Burlington
Chittenden and Eastman Commercial Building
The four-story Chittenden and Eastman Building in Burlington’s Downtown Commercial Historic District was built in 1896 and features Classical Revival details, including a decorative metal cornice. The limestone foundation, buff brick facade and red brick side for the remaining walls reflect the Chicago School style that was popular in the 1890s. The upper floors have been vacant while the main level had limited use in recent years as a reception hall and event center. The adaptive reuse of this building will allow for commercial activity on the first floor and apartments above.
$475,147

Burlington
Tama Building
The Tama Building was designed by Burlington architect J.C. Sunderland and was constructed in 1896. The design of the building shows the influence of the Chicago School, particularly in how the five stories are organized in a tripartite arrangement with lower, middle and upper sections. The building originally housed retail space on the first floor and 50 offices for doctors, dentists, real estate agents and dressmakers were located in the floors above.  The building will be rehabilitated into apartments on the upper floors and commercial space on the first floor.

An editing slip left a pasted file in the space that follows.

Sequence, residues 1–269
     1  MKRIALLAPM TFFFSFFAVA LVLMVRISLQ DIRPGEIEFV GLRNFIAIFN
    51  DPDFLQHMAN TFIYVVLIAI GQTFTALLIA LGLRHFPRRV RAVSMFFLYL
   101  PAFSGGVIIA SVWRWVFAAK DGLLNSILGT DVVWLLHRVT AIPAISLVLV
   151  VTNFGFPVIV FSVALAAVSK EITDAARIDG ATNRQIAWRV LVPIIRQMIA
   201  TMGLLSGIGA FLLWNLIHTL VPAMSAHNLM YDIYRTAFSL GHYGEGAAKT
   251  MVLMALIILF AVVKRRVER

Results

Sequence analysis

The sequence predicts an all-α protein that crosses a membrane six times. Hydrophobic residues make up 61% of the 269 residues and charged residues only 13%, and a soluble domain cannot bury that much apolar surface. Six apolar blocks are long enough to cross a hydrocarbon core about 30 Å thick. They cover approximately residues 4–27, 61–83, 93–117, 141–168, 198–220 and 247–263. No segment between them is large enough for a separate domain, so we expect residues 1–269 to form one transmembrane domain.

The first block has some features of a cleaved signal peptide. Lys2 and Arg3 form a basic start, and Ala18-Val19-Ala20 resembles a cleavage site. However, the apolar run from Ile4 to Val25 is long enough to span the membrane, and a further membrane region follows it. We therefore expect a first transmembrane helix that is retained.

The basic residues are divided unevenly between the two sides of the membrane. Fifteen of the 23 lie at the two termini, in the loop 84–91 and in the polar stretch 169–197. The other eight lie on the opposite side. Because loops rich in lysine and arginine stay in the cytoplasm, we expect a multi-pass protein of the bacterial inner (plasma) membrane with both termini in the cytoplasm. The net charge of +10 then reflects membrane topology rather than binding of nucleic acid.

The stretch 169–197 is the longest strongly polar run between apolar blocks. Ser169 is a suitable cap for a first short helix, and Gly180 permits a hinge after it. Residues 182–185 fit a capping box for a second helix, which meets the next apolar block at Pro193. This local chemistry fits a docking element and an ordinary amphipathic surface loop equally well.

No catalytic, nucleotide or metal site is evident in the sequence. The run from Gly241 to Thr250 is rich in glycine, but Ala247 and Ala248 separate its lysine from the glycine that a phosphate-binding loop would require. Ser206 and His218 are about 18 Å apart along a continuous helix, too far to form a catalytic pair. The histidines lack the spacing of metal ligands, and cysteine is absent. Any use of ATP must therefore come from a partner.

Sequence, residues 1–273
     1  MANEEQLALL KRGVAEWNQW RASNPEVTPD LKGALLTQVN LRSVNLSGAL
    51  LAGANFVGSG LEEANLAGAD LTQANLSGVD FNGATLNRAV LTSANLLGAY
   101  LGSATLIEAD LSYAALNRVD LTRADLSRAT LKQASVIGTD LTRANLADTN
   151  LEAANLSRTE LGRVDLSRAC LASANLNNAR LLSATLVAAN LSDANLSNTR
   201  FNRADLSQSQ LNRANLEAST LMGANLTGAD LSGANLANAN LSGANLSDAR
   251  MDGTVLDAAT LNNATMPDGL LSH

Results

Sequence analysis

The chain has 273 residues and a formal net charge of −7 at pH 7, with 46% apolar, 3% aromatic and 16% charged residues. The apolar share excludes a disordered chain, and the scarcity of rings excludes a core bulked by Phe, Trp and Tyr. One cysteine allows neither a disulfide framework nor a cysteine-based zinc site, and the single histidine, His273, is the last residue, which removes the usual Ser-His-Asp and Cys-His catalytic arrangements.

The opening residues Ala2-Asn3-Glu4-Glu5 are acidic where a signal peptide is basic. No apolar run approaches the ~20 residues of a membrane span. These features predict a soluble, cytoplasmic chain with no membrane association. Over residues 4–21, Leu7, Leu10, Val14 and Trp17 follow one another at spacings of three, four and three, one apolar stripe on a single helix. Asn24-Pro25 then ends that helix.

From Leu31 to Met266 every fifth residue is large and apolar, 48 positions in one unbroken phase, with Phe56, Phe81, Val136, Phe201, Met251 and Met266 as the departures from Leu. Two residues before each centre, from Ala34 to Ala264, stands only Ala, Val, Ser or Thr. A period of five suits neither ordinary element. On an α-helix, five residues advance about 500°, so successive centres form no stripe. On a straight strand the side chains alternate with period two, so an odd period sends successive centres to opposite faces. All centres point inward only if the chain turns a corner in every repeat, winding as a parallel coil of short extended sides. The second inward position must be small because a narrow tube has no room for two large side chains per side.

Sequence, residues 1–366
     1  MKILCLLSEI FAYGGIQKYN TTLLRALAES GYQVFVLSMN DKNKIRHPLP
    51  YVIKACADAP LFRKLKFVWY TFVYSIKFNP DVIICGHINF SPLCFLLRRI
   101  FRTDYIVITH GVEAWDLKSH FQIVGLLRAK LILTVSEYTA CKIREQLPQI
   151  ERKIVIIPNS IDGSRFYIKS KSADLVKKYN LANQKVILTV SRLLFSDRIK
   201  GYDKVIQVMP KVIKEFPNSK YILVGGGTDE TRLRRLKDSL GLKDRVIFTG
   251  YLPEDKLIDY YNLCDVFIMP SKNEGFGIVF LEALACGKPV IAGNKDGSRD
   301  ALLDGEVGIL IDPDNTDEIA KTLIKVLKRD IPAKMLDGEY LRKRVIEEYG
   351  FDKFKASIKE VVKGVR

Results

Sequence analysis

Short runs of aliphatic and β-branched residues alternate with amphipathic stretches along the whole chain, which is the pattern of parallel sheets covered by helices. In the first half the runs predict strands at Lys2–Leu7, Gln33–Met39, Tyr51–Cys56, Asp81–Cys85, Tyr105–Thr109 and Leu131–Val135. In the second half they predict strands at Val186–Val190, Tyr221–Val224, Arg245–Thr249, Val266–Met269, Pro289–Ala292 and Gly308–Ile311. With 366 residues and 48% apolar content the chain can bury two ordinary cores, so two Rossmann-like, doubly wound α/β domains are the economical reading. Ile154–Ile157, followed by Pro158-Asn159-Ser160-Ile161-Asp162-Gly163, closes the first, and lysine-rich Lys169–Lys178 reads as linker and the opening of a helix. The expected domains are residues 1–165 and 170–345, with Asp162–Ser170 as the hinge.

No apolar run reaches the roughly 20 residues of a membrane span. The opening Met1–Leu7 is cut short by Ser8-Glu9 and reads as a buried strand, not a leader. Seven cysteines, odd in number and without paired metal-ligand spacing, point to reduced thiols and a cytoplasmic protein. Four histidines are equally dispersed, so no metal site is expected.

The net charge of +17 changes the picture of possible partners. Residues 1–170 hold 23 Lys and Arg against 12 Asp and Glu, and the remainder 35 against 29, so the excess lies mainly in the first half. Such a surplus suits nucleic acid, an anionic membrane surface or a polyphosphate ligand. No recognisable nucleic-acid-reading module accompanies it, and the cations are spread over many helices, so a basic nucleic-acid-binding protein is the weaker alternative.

$734,957

Cedar Rapids
Iowa Wind Mill and Pump Company Office and Warehouse / Mott Lofts
Listed on the National Register of Historic Places in 2012, the Iowa Wind Mill and Pump Company Office and Warehouse were originally constructed in 1902. The three-story brick building features heavy timber supports and framing, plus a massive limestone foundation. The high ceilings and open floor-plan allowed the original company to store and move its products as needed. The building is the only remaining part of the company’s larger original complex, which played a role in Cedar Rapids’ late 19th- and early 20th-century industrial history. Having survived numerous floods, the vacant property will soon be reused for 16 luxury apartments on the upper two floors and commercial space on the first floor.